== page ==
For a project we convert data from a humongous table with 23 million records stored in a remote SQL Server database (global spatial grid with data on agricultural production and land use from the Spatial Production Allocation Model). It takes about 1 hour to run a query and populate a GDX file. Probably the performance is related to limited bandwidth. This is truly an example of “big data”. In a subsequent model we load the large GDX file into GAMS for further processing. This loading is much faster: about 4 seconds. It takes about 750 MB RAM to load the data in GAMS.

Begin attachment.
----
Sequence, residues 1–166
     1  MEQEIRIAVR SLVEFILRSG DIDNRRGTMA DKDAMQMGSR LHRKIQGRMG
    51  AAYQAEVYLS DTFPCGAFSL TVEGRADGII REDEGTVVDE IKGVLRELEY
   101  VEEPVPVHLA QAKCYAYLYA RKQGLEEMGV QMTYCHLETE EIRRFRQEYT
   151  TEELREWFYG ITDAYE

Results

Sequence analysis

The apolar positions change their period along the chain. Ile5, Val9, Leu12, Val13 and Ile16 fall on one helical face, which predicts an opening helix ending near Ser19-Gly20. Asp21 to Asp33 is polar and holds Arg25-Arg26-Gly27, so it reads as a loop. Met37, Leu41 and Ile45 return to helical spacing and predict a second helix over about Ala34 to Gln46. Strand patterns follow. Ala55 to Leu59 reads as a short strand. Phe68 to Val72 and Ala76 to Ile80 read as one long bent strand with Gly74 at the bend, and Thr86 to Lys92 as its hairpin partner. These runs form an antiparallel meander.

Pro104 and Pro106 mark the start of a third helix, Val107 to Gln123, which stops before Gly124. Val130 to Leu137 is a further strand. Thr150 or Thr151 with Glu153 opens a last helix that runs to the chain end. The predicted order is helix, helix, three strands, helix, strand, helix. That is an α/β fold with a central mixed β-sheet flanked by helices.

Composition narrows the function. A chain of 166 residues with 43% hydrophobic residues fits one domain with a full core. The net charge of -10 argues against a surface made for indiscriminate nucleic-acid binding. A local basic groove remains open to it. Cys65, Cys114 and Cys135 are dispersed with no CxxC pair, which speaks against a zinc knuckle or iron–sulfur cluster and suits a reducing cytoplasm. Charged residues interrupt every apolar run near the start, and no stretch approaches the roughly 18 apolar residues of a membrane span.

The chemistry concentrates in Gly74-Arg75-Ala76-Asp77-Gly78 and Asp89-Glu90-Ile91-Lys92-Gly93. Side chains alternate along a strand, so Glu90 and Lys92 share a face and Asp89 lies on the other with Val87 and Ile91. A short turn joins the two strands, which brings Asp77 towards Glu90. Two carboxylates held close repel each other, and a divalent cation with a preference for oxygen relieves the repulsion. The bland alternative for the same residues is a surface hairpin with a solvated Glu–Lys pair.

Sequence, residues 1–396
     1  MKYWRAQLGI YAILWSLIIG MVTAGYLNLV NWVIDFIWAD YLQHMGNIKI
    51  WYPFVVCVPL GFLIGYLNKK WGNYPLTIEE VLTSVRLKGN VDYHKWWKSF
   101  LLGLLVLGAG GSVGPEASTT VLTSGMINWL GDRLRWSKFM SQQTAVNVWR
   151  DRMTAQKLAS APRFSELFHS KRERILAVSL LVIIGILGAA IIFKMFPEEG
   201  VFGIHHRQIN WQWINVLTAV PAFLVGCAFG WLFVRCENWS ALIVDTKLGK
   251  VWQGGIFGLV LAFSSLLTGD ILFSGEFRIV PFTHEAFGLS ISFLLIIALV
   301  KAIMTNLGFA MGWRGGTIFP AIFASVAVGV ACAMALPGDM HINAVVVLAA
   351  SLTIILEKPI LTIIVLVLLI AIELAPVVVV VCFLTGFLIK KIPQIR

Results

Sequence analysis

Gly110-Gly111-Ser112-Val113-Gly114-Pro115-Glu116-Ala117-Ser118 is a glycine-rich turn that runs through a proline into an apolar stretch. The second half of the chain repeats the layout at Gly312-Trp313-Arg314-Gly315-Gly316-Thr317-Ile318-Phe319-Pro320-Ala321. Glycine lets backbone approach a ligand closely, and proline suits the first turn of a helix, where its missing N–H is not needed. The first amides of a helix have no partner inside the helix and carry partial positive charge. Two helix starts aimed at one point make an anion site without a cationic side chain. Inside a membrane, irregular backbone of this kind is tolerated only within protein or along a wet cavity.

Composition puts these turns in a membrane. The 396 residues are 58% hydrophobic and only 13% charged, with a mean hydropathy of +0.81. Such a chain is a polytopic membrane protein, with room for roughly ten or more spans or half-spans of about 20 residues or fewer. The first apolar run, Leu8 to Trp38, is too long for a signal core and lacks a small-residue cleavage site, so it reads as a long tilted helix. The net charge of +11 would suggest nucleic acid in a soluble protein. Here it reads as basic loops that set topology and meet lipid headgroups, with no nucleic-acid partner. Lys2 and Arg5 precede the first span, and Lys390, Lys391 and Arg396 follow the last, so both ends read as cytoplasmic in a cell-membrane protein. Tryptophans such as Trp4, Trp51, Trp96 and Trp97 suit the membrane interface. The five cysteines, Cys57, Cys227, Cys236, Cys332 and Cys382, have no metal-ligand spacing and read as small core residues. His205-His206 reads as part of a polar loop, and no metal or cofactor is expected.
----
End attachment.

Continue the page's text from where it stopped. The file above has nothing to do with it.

For these type of applications the use of GDX file as a high-performance staging “database” is very convenient. It would be a nightmare to load this data directly from the SQL Server database into GAMS: every run would start with a 1 hour startup time.
Compression works quite well on this gdx file (see also: http://yetanothermathprogrammingconsultant.blogspot.com/2010/04/gamsgdx-compression.html). Here are the file sizes:
|Compression||File size in bytes|
Users are more and more throwing real large data at me. Besides the SQL Server database above, I was also delivered an 1.2 GB DBF file. DBF files are still popular with GIS applications. This file could be imported into a compressed GDX file with the following size reduction (also partly because we dropped some redundant columns but mainly because GDX stores strings more efficiently):
|compressed GDX||62 MB|